Sorry my blogging has been less than prolific in recent months. Since my mother’s second stroke late last October, my responsibilities as dutiful daughter have increased manifold and my creative juices have not flowed.
After her second stroke last autumn, Mom had a hellish stay in rehab punctuated by daily calls to me begging me to intervene to get the aides and nurses to respond to her often-urgent needs. She emerged from that stint in rehab more traumatized than when she went in. The benefits of the speech and physical and occupational therapy she was receiving were diminished by how rattled she was multiple times a day fighting for attention and her dignity while trying to meet needs as simple as going to the bathroom.
She also emerged a changed woman, still competent but sometimes struggling to find the words to express herself and sometimes confused in that effort and in absorbing information. She had two falls this spring, one on the scooter that is her lifeline as she no longer can walk. Mom has been to the emergency room more than four times in the past six months for various problems—once for a third small stroke. It seemed like every week I could count on a call from her alarm monitoring service telling me they’d dispatched paramedics.
Twice in the ER they found she had urinary tract infections. I found out that in the elderly, UTIs can cause confusion or a delirium-like state (that can be mistaken for Alzheimer’s or dementia) and agitation and that certainly was the case with my mom. This has confused efforts to understand what her current baseline state of mind is, though she’s definitely improved since her last infection.
I used to call my mom once every two days, then every day, but now because of her heightened agitation she calls me sometimes several times a day and I have to talk her down from whatever whammy life has thrown at her: like the transit van not returning her keys when she came home from the hospital last time and then apparently losing them, like having to deal with a repair phone call to and visit from Comcast, like her shower aide not being able to come, like a doctor trying to explain to her how he is going to change her medication. Between this and the midnight calls from the alarm monitoring service it’s gotten so I go into fight or flight mode every time the phone rings, my stomach clenching and the adrenaline pumping.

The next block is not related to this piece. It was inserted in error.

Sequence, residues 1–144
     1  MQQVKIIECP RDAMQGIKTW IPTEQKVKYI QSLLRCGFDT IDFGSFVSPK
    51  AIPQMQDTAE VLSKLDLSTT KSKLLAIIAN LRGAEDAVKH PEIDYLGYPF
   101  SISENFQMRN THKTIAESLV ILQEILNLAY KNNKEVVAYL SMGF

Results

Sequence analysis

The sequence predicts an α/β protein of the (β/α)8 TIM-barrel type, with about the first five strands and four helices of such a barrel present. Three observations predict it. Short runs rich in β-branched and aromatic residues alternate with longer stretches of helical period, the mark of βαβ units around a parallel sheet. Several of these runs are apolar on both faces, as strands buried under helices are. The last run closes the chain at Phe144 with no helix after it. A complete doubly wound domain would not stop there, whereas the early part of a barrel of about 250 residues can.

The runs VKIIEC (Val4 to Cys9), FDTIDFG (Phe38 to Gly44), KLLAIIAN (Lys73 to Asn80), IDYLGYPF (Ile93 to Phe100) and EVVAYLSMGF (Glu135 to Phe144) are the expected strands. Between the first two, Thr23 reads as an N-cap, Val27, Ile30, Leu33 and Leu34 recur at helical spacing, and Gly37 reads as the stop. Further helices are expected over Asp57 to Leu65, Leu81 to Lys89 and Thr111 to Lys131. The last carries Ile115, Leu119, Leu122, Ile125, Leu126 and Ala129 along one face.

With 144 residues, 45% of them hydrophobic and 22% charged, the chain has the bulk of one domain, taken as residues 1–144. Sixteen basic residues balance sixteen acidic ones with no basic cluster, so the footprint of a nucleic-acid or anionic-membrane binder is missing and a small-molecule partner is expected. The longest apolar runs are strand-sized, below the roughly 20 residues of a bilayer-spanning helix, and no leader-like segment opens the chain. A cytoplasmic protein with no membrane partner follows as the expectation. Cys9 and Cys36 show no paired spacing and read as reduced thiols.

One nice thing that’s come out of this is increased communications between my brother, who lives in New England, and I. He has really stepped up this year, taking over some of my mom’s doctor’s communications and calling my mom every day. He’s making spreadsheets like crazy to try and get a handle on her care.
For now, Mom is able to live independently. She can still manage her medications, attend to her personal needs, prepare meals for herself and so on. She still scoots over to the shopping plaza near her to get her hair cut or to go to her favorite market. She still goes downstairs in her building to chat with neighbors. I admire her courage and her spirit. And I pray for my own as I help her navigate this journey through aging through which I will follow in the coming decades.